Wednesday, October 28, 2020

It's Water-Wise Wednesdays with Frannie the Fish! {Upcycled Halloween Spider}

Halloween is THIS WEEKEND! Frannie will be practicing social distancing, staying home instead of trick-or-treating with her friends, but she's still full of Halloween spirit! Frannie found a fun activity you can do, too - making a spooky, upcycled spider!

Here's what you need:
  • 2-liter plastic bottle
  • Black acrylic paint
  • Scissors
  • Glue
  • Googly eyes

What to do:
1. Clean out a 2-liter plastic bottle and remove labeling.

2. Pour black paint in the bottle, screw cap on, and shake the bottle until black paint has coated the entire bottle. This may be messy, so make sure the cap is on tight! When you're done, pour the excess paint out.

3. Let the paint dry overnight.

4. Cut the top of the bottle off and recycle.

5. Make legs for the spider by cutting the bottom of the bottle into 8 strips.

6. Bend the legs outward at the base of each strip.

7. Bend the legs inward about halfway down each strip.

8. Bend the legs inward again at the end of each strip.

9. Glue the googly eyes on your spider.

10. Decorate your house with your spooky spider!

Frannie wishes you a safe and fun Halloween!

Wednesday, October 21, 2020

It's Water-Wise Wednesdays with Frannie the Fish! {5 Ways (You Didn't Know!) You Used Water}

 We all know that water has a very important role in our lives. We use it to drink, to cook our food, to bathe and brush our teeth, and to water our plants or pets.  But water affects our lives in so many other ways we might not think about.  Check out these 5 unique ways that you use water!

1. Heating and Cooling. Many homes and businesses are using something called “geothermal energy” to heat and cool their buildings.  “Geo” means “from the earth” and “thermal” means heat so this type of energy uses the heat from the under the ground to regulate the temperature of a particular system.  Buildings that use this system pump a liquid, often groundwater, through a series of pipes and devices like “heat exchangers” to use the natural heat from the earth to warm up the air inside. During hot summers, a geothermal system can also cool down the air by working in reverse, absorbing the heat from inside and moving it back down into the earth.  This very efficient system costs less than other modern systems and almost none of the energy is wasted.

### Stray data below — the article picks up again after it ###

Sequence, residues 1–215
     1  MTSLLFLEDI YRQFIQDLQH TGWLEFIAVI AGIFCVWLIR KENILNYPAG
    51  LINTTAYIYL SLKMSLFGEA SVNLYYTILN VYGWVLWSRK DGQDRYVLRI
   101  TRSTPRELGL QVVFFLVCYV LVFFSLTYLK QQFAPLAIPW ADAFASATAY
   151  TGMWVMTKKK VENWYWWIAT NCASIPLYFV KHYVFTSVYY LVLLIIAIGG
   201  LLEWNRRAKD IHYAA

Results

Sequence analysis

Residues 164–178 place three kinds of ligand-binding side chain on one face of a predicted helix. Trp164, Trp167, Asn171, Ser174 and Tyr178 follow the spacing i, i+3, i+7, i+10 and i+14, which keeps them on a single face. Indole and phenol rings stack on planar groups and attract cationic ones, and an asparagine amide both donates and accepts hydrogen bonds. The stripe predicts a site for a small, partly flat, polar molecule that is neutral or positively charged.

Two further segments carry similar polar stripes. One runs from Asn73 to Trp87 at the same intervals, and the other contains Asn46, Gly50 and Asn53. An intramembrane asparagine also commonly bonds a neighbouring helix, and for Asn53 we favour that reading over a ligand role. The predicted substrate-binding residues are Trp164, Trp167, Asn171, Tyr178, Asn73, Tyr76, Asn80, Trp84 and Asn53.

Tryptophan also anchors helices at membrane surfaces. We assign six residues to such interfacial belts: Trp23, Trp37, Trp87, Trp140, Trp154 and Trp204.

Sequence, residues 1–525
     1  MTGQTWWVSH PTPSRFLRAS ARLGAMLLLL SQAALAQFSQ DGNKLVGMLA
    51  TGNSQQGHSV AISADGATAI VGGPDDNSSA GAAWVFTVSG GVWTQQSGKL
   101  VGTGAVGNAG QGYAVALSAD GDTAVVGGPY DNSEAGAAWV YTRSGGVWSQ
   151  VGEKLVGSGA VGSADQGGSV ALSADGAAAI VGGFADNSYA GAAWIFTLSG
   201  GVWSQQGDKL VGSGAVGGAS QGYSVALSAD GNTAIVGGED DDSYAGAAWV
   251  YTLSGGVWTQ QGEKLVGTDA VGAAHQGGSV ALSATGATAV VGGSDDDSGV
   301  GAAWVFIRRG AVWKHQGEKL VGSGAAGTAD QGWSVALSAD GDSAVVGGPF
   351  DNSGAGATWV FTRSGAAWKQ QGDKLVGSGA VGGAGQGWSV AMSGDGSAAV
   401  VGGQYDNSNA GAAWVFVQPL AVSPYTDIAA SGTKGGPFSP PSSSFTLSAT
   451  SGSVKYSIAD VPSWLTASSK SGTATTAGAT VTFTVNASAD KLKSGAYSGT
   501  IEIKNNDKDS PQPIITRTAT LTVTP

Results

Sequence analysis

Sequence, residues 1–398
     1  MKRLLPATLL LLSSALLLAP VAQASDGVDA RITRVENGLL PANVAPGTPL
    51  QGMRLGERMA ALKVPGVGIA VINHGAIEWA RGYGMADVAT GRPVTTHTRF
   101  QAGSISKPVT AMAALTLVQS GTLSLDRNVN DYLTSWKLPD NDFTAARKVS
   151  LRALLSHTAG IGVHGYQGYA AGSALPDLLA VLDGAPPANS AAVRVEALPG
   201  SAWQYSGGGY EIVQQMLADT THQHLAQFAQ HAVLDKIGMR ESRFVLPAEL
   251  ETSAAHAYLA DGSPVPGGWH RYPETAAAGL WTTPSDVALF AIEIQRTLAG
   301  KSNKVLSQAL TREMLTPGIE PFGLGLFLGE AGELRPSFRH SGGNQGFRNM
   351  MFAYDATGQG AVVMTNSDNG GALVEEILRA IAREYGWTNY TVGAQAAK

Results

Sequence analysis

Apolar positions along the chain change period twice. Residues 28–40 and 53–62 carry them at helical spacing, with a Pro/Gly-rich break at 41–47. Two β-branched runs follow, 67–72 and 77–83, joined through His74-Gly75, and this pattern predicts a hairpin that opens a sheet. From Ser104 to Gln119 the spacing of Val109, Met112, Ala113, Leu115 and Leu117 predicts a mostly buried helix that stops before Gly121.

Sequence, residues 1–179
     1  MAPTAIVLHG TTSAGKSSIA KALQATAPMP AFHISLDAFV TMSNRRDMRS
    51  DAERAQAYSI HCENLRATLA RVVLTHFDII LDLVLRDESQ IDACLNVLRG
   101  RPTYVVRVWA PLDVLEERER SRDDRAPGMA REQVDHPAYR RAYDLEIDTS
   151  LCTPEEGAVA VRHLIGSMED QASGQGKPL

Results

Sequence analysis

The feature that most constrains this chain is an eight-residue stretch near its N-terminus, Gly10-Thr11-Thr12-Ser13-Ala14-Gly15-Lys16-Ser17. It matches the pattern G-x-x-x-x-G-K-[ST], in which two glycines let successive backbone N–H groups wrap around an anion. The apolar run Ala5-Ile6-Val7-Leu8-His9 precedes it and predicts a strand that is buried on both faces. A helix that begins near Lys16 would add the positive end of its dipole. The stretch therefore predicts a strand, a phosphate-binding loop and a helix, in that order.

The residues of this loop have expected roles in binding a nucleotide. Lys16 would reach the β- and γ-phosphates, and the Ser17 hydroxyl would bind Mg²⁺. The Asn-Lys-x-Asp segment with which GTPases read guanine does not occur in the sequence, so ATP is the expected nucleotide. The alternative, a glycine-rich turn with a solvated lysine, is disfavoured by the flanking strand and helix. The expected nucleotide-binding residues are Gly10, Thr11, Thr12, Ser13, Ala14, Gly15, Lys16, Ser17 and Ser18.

2. Electricity. 
Hydroelectric power is a clean, renewable, and reliable form of energy that converts the energy of falling water into electricity.  Do you know about the Hoover Dam near Las Vegas, Nevada? It’s one of the nation’s largest hydropower facilities, with each wing of the plant rising nearly 20 stories for a length of 650 feet (almost 2 football fields). With 17 main turbines, the average annual generation is about 4.2 billion kilowatt-hours. That’s over 3.1 billion horsepower and enough energy to serve 1.3 million people, all by using the water!

3. Wearing Clothes. Did you know that 2.6% of the water used globally is for cotton consumption?  That cotton t-shirt that you’re wearing required a lot of water to go from growing in a field to being hung in your closet. And that’s not even taking into consideration the amount of water it takes to dye your shirt, or any other articles of your clothing, into the fun colors you like to wear.

4. Reading, writing, and printing. Did you know that in the US, we use about 69 million tons of paper and paperboard (like boxes and folders) each year? In the process of just making the paper, water is used to grow the trees, maintain the tools that are used to cut the trees, turn the trees into a pulp, and maintain the machines that turn the pulp into paper?  And that’s just to make blank paper. Water is also used to make the ink to print 2 billion books yearly or put fun cover photos on 350 million magazines.  It takes roughly 1,160 gallons of water to make a single pound of paper and that’s a lot of paper.

5. Using a computer. If you think using email, the internet, and, in general, going paperless is the perfect solution: think again. The water it takes to make a single laptop is about the same as washing 70 loads of laundry. A desktop? 1,500 gallons!  Every kind of computer and IT product demands vast quantities of “ultra-pure water”, a kind of water that highly distilled from even larger quantities of “regular” water.

So? How many did you know? If you can think of other ways that water secretly helps our lives, share them with us at